Endogenous differential mortality, non monitored effort and optimal non linear taxation
This paper studies the normative problem of redistribution among individuals who can influence their longevity through a non-monetary effort but have different taste for effort. As benchmarks, we first present the laissez-faire and the first best. In the first best, the level of effort is always lower than in the laissez-faire as the social planner takes into account the consequences of higher survival on the budget constraint. However, since we suppose that effort is private and non-monetary (like exercising), it is reasonable to think that the social planner has no control over it. Thus, we modify our framework and assume for the rest of the paper that effort is determined by the individual while the social planner only allocates consumptions. Under full information with non monitored effort, early consumption is preferred to future consumption and the high-survival individual obtains higher future consumption. Under asymmetric information, the distortion is identical for the low-survival individual while the direction of the distortion for the high-survival individual is ambiguous. We finally show how to decentralize these allocations through a perfect annuity market and (positive or negative) taxes on annuities.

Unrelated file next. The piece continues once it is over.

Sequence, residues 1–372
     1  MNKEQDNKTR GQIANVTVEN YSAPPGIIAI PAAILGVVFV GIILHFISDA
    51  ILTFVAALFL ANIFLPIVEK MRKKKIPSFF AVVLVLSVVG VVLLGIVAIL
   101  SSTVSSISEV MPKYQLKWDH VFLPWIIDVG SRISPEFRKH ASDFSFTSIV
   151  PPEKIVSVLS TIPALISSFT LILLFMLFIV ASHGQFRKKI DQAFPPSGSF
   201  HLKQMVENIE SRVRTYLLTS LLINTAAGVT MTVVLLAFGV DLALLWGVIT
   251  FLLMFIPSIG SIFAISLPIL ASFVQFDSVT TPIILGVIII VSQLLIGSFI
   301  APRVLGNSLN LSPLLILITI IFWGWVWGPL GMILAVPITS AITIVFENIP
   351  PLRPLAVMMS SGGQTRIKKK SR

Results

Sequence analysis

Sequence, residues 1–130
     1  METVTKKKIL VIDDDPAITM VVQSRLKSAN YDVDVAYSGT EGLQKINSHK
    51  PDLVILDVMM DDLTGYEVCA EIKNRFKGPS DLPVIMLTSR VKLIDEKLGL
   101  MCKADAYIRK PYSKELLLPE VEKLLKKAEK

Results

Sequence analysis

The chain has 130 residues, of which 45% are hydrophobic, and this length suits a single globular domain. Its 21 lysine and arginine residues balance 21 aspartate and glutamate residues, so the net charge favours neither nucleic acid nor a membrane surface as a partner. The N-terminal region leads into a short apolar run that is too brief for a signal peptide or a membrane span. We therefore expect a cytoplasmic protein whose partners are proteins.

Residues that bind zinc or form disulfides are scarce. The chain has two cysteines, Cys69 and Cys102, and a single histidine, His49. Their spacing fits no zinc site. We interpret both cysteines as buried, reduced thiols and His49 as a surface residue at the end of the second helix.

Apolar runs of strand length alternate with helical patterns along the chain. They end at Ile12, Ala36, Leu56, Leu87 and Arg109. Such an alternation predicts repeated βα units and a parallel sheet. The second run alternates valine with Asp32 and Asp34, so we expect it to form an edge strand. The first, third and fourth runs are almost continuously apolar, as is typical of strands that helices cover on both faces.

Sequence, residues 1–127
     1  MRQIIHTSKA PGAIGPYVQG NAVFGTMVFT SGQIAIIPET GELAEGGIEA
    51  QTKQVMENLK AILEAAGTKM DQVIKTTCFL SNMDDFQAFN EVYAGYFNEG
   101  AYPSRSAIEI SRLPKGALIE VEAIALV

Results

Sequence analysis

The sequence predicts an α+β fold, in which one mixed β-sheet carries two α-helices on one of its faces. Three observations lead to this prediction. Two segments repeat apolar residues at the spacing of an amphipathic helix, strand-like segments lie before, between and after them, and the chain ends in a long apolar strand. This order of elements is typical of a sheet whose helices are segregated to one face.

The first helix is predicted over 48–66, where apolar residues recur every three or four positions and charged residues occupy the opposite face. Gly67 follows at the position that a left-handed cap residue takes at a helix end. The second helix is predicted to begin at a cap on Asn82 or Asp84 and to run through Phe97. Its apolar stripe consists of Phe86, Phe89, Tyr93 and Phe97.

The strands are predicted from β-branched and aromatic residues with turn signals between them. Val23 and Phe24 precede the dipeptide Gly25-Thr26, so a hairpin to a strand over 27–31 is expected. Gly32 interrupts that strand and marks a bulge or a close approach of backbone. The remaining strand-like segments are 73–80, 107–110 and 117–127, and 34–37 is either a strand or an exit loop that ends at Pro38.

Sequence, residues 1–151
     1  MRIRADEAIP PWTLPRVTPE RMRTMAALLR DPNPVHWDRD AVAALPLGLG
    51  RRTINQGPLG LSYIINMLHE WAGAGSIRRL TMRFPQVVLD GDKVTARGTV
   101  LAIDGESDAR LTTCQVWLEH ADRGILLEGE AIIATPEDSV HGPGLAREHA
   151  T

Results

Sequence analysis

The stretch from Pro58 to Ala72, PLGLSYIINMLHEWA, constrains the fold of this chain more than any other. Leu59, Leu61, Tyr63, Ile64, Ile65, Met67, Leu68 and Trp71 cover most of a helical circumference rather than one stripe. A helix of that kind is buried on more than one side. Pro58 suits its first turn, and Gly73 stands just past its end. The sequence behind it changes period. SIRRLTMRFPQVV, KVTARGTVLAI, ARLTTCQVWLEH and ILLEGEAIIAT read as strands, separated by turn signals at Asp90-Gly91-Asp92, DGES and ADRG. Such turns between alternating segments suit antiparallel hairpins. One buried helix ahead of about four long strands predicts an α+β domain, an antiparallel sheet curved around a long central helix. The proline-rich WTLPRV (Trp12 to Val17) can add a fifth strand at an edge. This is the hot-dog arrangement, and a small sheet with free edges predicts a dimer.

|Date of creation:||01 May 2008|
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